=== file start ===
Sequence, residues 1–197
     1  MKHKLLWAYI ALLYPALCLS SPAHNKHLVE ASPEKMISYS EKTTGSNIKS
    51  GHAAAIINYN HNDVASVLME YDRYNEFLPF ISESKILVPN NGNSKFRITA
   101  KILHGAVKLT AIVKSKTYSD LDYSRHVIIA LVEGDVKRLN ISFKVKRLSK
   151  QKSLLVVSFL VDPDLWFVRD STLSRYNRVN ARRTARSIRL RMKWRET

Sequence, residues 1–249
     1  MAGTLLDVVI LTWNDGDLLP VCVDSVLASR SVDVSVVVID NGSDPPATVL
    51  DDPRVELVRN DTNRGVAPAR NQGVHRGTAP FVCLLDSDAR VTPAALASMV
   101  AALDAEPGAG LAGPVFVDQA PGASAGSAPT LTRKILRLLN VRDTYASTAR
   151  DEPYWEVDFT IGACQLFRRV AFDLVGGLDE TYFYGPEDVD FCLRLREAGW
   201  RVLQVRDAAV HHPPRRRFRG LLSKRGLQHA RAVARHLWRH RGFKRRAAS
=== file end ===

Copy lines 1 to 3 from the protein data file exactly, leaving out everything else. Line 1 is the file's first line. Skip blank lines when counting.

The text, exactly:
Sequence, residues 1–197
     1  MKHKLLWAYI ALLYPALCLS SPAHNKHLVE ASPEKMISYS EKTTGSNIKS
    51  GHAAAIINYN HNDVASVLME YDRYNEFLPF ISESKILVPN NGNSKFRITA